7. Overkill0084

    Overkill0084 New Member

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    In a small pistol, I find .40 noticeably more unpleasant than .45. It's still manageable though. YMMV.
     
  8. BeyondTheBox

    BeyondTheBox New Member

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    Okay, but please do elucidate. How is the. 40 less pleasant?
     
  9. GlockStar

    GlockStar New Member

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    My G22 "snaps". I actually prefer it though as I feel its a powerful indicator.
     
  10. Overkill0084

    Overkill0084 New Member

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    The .40 runs at much higher pressures than the .45 acp. I don't remember the specific numbers, but it is significant. Suffice it to say the .40 is a more "intense" cartridge, for lack of a better term. I'd be willing to bet that any number of members could explain it better than me. The recoil is best described as sharp and of course "snappy." To be honest I really thought it was much ado about nothing. Then I received a small alloy frame .45 and I was absolutely amazed at how much more pleasant to shoot than my .40, even with SD loads.
    Practice with my XD40SC wasn't horrible, but not what I would call a joy either. The fact that I have a touch of arthritis in my wrists typically limited my practice to 50 or 60 rounds on a bad day. And to be fair, the XD40SC is a very good gun & I actually shoot it fairly well. But it it can become work rather than fun quickly.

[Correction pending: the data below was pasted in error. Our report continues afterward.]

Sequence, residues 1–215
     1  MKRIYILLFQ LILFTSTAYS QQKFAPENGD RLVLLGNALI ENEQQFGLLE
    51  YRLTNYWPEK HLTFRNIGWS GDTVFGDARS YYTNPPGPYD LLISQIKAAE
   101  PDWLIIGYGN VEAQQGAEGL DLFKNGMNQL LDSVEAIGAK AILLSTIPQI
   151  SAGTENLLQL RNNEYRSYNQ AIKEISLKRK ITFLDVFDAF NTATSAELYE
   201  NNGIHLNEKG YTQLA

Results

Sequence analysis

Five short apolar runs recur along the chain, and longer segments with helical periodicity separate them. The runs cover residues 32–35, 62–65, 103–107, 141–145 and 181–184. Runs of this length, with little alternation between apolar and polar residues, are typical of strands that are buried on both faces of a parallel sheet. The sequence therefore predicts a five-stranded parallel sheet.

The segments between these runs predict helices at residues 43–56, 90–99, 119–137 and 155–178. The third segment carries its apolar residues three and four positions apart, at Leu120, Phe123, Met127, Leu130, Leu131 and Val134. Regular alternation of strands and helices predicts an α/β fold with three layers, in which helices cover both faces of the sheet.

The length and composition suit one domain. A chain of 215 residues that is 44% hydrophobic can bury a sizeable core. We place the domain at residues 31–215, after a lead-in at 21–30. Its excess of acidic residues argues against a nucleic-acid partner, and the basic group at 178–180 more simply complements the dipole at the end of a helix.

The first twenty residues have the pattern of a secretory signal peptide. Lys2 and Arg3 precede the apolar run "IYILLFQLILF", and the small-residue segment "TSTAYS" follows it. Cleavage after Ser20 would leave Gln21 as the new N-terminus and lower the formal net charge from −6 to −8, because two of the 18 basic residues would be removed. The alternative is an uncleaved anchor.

On the other hand, my DW CCO is a bit sharper than a steel frame full sized .45, but still noticeably less harsh than the XD. I expected much worse in the recoil dept. I can easy put 100 rds through it in a range session and enjoy it.

    I'm quite certain that I'm not the only one with a similar experience. I probably didn't explain my self very well. Truthfully, it's probably something you need to experience for yourself.
     
  11. BeyondTheBox

    BeyondTheBox New Member

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    I know, but it doesn't hurt to have some user experience to expand my understanding of what I'm looking at and what to expect.

    Knowledge, even when based on others' experiences, is still knowledge.

    Thanks for taking the time to do that.
     
  12. Alpha1Victor

    Alpha1Victor New Member

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    I own both .40 and .45. I shoot the .45 more accurately. The .40 seems like an over powered 9mm.

    Signing out, Alpha1victor.
     
  13. BeyondTheBox

    BeyondTheBox New Member